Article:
The Brussels regional government has approved a request to prolong archaeological works currently taking place on the site of the former Parking 58 in the city centre, now the planned location for a new administrative centre for Brussels-City municipality.
The works are at the moment a gigantic hole in the ground (photo) where once there was a parking garage famous for the view from its top floor. When the multi-storey car park was razed, a routine architectural inspection uncovered some interesting artefacts, and construction was halted for further investigation, as the law allows.
The dig has now turned up evidence of a settlement on the banks of the Senne, the river on which Brussels grew up, with objects first thought to date to the 10th century, but which may in fact be up to three centuries older.
The replacement for the car park is a mammoth project to rehouse many of the city’s administrative offices from the building on nearby Boulevard Anspach by Place De Brouckère, but despite the fact that works have been at a standstill since last winter, archaeologists from the region’s heritage department asked for an extension, which has now been granted, Brussels minister-president Rudi Vervoort announced.
The finds made so far, in the centre of the site to a depth of some 7.5m, have been described as “spectacular” and “of crucial importance for the history of Brussels”. Among them: a stone quay on what was the bank of the Senne dating to the Middle Ages, wooden structures even older, and tools and materials such s leather shoes and wooden combs relating to various crafts practised back to possibly the seventh century, suggesting life was taking place on the site of what is now the city centre as many as 1400 years ago. When Islam was being founded, Cædmon was the earliest known poet in English and the population of the entire world was around 208 million, about the same as present-day Brazil.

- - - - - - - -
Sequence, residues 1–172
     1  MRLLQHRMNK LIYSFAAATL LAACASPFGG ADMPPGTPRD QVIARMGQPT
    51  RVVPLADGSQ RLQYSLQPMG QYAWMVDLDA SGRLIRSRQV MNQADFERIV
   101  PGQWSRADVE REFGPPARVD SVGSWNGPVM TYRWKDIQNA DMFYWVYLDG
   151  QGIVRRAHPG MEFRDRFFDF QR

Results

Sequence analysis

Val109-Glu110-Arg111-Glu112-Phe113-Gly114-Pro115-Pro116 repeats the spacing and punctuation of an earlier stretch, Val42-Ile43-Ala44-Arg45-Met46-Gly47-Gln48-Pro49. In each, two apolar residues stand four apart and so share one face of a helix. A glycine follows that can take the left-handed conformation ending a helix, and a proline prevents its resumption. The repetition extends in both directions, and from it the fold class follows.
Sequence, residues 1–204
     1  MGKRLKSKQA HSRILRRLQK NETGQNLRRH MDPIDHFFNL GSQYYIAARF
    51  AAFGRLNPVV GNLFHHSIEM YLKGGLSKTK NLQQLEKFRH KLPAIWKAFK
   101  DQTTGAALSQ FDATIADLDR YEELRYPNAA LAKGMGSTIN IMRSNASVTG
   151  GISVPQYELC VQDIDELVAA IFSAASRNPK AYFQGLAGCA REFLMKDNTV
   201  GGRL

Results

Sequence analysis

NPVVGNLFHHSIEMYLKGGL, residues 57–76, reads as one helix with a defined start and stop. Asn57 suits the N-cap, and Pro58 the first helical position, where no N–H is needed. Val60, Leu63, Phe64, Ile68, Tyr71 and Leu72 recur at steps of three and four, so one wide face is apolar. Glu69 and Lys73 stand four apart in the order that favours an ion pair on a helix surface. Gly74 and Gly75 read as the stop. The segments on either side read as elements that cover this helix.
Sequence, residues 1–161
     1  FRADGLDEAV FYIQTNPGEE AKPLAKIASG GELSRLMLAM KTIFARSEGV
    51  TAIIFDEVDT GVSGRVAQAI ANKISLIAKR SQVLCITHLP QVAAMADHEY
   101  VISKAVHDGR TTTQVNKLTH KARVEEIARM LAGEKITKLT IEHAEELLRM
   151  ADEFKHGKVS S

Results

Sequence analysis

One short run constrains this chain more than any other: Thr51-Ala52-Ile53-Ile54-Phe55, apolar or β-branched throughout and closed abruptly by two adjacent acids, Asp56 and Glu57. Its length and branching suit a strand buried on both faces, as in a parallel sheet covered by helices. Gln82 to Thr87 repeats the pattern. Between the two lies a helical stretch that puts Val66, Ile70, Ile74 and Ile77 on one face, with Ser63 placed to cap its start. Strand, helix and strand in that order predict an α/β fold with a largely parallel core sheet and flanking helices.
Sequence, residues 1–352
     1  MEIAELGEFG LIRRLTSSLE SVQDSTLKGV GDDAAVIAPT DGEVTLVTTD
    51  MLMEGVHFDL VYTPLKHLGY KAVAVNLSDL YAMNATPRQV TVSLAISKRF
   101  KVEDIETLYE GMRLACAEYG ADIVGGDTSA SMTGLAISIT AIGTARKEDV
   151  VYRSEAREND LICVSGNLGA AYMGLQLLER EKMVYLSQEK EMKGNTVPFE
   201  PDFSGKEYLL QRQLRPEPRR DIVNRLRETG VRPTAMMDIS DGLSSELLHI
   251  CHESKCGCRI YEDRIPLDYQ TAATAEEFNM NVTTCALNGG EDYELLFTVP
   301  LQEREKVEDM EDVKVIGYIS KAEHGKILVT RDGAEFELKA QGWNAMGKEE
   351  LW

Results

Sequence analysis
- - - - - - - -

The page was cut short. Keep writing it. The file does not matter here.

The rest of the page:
As well as the typical finds of archaeological sites, such as tools and pottery, the extended investigation will allow microscopic examination of the soil in each level of the ground, giving a deeper insight into the conditions of life as the centuries passed.
“This excavation offers the possibility to write a chapter of the economic and social history of Brussels, for a period when the potential for archaeological research has mainly concentrated on religious sites and those related to the dominant elite of a city,” Vervoort said in a statement.